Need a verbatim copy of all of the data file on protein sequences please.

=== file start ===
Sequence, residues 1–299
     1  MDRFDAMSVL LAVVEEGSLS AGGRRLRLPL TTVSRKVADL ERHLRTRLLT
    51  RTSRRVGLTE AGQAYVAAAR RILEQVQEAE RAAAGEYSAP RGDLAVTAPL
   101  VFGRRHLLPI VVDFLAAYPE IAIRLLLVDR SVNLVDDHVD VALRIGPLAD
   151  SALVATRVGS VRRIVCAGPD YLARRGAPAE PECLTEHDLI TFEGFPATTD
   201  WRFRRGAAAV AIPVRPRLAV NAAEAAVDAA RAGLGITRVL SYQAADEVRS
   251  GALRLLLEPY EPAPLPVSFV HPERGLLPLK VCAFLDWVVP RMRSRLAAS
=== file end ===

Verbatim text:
Sequence, residues 1–299
     1  MDRFDAMSVL LAVVEEGSLS AGGRRLRLPL TTVSRKVADL ERHLRTRLLT
    51  RTSRRVGLTE AGQAYVAAAR RILEQVQEAE RAAAGEYSAP RGDLAVTAPL
   101  VFGRRHLLPI VVDFLAAYPE IAIRLLLVDR SVNLVDDHVD VALRIGPLAD
   151  SALVATRVGS VRRIVCAGPD YLARRGAPAE PECLTEHDLI TFEGFPATTD
   201  WRFRRGAAAV AIPVRPRLAV NAAEAAVDAA RAGLGITRVL SYQAADEVRS
   251  GALRLLLEPY EPAPLPVSFV HPERGLLPLK VCAFLDWVVP RMRSRLAAS